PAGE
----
World Water Day: How the Danone Ecosystem Fund Pasuruan project protects water resources in Indonesia?


As every year, March 22 is World Water Day. Set by the United Nations General Meeting in 1993, this event highlights sustainable development issues specifically related to water. One of the sustainable development objectives launched by the UN in 2015 is to ensure that everybody has access to drinking water by 2030: today, 663 million people still live without access to this precious commodity. Access is not the only challenge; there are also other aspects like quality, quantity and protection of the water resource.


For Danone, this is an issue of overriding importance. The company’s mission to bring health through food to as many people as possible obviously includes hydration in its Water division. Water is also one of Danone’s priorities in its environmental strategy called “Nature” focused on four aspects: packaging, sustainable agriculture, climate and water. Within its Water Division and the projects supported by its social innovation platforms, Danone works to protect water resources as well as to guarantee a better access to them: a commitment illustrated by the Pasuruan project in Indonesia, supported by the Danone Ecosystem Fund, which we have decided to highlight for the 2017 World Water Day.

Protecting the Rejoso basin

The Rejoso basin on the island of Java is home to the second-biggest factory of Danone Aqua, the leading bottled water brand in Indonesia. But for several years now, the resource has been diminishing. Between 2007 and 2013, the flow from the Umbulan spring, which is supplied by the basin, fell by 17%, and the quality of the resource is itself threatened by pollution from agricultural inputs. This is partly due to non-sustainable farming practices and the boring carried out by farmers in the water-bearing layer, which causes leaks and makes the basin more vulnerable to pollution. As well as all this, the basin is facing “increasingly heavy demand from many users, around 75% being farmers, private companies and local communities. There is also a public/private sector partnership aiming to route water from the basin to Surabaya, Indonesia’s second-biggest city. So demand is about to soar, and will potentially over-exploit the basin,” says Jehanne Fabre, Danone’s Water Stewardship Manager.

For Danone, there is obviously a business issue at stake: “We need to set up water resource protection measures” to “guarantee the integrated management of the resource, ensuring its sustainability for all the users on the long run.” Because the stakeholders on the edge of the Rejoso basin are both numerous and varied, a partnership will ensure that this goal is met. In 2017, the NGO The Nature Conservancy, the Danone Ecosystem Fund and the Danone subsidiary in Indonesia joined forces around this project to “develop new basin protection models, by sharing risks and pooling their skills,” says Jehanne Fabre.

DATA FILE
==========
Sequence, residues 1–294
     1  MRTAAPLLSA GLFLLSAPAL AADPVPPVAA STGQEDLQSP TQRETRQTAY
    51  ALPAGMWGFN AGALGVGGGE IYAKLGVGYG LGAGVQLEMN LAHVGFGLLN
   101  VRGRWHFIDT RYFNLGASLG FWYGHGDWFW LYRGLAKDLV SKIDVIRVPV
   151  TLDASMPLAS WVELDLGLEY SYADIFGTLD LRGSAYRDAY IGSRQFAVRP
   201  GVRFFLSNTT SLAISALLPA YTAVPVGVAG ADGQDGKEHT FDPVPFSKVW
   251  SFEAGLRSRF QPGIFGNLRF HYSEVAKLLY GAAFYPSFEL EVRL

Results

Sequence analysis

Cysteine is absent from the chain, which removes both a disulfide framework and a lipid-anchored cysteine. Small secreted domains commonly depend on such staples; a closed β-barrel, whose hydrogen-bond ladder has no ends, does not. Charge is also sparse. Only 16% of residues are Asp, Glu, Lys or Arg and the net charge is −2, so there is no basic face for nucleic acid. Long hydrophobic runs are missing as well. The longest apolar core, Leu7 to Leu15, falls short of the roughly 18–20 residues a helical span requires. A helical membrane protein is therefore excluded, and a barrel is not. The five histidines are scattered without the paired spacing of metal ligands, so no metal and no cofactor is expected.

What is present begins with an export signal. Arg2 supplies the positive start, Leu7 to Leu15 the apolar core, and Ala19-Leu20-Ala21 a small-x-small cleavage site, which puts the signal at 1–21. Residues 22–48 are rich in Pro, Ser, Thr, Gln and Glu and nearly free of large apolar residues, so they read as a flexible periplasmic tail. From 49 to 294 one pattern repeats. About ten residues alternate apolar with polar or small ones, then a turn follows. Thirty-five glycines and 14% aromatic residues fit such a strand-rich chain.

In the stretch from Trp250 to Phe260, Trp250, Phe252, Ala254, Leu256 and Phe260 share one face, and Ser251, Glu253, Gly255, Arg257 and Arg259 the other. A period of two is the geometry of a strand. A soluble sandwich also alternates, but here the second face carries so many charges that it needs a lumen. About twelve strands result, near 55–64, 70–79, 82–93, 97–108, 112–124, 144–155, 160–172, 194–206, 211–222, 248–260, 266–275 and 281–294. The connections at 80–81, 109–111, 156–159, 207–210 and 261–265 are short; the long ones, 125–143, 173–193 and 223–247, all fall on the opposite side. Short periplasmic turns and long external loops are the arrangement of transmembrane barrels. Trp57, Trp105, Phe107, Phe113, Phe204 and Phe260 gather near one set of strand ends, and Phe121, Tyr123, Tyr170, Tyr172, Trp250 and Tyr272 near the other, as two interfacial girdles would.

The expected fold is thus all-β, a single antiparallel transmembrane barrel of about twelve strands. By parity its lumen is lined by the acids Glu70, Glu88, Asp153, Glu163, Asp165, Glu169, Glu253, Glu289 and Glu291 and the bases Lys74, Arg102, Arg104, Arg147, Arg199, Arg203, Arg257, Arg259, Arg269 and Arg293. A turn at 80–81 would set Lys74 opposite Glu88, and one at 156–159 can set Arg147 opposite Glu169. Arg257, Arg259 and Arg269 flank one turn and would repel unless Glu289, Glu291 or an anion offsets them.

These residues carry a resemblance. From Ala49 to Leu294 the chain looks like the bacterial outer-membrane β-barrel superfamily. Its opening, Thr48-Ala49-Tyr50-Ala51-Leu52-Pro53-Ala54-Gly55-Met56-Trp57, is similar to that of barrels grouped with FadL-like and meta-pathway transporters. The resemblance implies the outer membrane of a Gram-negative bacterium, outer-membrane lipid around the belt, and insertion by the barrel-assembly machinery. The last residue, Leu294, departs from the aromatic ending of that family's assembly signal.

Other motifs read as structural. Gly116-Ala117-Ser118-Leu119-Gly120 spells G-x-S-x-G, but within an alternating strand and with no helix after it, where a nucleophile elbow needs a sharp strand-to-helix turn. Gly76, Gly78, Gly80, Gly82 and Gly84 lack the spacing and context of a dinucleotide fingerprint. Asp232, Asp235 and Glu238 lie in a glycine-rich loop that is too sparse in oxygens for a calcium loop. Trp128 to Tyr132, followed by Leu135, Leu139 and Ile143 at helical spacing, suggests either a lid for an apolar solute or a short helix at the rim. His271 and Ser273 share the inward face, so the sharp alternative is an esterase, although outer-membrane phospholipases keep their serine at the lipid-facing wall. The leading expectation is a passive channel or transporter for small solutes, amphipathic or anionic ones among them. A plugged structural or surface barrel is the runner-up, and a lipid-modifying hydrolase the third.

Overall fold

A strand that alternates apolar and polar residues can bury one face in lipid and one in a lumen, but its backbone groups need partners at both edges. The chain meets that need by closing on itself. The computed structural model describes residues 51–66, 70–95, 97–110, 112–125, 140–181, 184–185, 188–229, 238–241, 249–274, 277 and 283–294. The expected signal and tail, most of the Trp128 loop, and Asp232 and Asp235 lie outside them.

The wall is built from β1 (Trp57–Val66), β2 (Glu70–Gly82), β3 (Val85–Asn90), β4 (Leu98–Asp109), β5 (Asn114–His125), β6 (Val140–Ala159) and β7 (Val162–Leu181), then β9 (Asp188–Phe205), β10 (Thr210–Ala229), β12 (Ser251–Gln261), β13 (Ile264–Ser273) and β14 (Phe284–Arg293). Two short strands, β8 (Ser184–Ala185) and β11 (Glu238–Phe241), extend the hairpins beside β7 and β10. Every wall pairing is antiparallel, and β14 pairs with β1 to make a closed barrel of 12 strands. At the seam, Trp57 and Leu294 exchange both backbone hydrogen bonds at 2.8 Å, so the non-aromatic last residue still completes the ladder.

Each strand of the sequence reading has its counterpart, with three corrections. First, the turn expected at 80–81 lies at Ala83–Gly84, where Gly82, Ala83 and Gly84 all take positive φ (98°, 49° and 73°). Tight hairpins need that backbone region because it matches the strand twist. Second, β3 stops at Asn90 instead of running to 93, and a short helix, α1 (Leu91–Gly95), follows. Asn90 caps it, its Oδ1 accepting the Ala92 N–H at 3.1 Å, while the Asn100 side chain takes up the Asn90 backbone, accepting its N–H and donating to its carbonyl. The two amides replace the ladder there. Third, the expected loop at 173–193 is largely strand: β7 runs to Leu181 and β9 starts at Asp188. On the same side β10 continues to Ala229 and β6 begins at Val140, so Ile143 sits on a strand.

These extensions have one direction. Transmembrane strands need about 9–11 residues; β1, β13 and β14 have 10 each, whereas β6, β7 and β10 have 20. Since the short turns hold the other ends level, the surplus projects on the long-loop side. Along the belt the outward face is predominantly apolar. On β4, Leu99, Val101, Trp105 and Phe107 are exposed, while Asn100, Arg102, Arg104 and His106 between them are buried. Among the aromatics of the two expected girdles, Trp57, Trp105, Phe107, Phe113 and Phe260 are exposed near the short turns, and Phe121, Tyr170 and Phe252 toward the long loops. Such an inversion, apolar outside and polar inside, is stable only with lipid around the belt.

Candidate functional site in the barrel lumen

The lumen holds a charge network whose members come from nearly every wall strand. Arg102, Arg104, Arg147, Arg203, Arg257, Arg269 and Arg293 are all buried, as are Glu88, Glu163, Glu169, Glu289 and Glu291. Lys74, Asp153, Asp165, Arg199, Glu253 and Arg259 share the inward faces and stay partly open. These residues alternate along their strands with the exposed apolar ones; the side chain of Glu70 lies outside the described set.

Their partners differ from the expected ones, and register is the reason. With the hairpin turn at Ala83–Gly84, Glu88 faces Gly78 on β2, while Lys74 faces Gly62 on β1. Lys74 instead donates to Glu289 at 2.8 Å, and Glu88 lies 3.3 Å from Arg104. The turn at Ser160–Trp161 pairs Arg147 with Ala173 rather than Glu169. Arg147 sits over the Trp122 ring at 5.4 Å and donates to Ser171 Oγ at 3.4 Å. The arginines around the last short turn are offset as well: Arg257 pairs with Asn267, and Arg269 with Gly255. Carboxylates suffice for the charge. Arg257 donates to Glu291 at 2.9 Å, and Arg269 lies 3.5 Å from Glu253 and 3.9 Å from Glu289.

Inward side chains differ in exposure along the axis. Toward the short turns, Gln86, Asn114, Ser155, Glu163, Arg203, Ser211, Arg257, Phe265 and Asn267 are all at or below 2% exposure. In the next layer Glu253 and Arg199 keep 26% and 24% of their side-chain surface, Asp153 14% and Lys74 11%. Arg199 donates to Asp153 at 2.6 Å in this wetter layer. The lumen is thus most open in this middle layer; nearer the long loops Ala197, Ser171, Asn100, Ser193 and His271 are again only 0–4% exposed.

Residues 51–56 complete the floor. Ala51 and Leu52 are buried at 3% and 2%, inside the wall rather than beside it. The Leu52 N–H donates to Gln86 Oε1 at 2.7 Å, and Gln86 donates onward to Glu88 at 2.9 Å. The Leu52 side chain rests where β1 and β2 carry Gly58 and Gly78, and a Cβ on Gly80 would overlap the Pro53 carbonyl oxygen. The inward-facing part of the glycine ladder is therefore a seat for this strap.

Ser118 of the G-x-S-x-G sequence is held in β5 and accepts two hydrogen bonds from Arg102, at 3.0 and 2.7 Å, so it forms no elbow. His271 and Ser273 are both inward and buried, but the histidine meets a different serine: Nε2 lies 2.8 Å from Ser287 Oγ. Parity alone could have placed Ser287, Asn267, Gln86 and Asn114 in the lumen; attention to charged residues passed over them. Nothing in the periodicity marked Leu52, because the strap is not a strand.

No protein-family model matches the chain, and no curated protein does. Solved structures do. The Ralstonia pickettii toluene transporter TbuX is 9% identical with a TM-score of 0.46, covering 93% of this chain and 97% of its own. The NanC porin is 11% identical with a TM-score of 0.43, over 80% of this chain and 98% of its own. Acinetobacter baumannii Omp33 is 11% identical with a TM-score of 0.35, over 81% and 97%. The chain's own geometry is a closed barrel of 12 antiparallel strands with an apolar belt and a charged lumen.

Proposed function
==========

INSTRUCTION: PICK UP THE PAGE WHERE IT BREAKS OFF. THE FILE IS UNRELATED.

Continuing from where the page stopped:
The Danone Ecosystem Fund, dedicated to general interest projects with a positive environmental, social and economic impact, is financing all the project’s pre-feasibility studies to ensure a scientific-based approach and that the actions implemented will lead to significant restoration of the basin.

Pasuruan – watershed protection project in… par DanoneEcosystemFund

A partnership to share risks and skills and design innovative solutions

The partners decided to create a Water Fund a written agreement laying down the three mechanisms required to ensure the long-term protection of basins: “the stakeholders’ investment in a fund, the creation of a governance system for deciding on protective actions, and then the roll-out of these actions” explains Jehanne Fabre.

The first stage of the project involves getting a clear picture of the issue. “We need to have an overall view of the resource, who uses it, and so on. We are carrying out a large number of in-depth studies on the water cycle to guarantee that the activities introduced will preserve the basin in the long-term.” Various partnerships have thus been created: with the local NGO SII Foundation, to “map” the stakeholders, and with the Universities of Montpellier in France and Gadhja Mada in Indonesia to carry out hydrological studies. These data will then make it possible to “draft a communication and engagement strategy with all the stakeholders.”

 The second stage involves pinpointing the actions to be carried out. These are not yet entirely finalized, but Jehanne Fabre gives us a few examples, which include “carrying out reforestation operations beforehand to improve the infiltration of water, helping farmers to adopt less intensive and more sustainable farming practices, or encouraging less water-greedy irrigation techniques.” The idea is to preserve the quality and quantity of the water available in the basin in an approach that factors in all stages of the water cycle. “We are working on upstream agricultural activities, the protection of the basin — including the protection of biodiversity — and on access to water for communities living in the basin. At Danone, we have also made a commitment to reduce our water consumption by recycling, reusing and retreating the water we use in our industrial processes. It’s a holistic approach.”


Cut Endah©

The aim of the Pasuruan project is thus to benefit 100,000 people indirectly, and the first actions should be rolled out in 2018. Jehanne Fabre sums up the mission of this new project supported by the Danone Ecosystem Fund as follows: “Basins are facing several risks. We need to reduce those risks to guarantee the availability of the water resource, so critical for nature, local communities and sustainable economic activities.”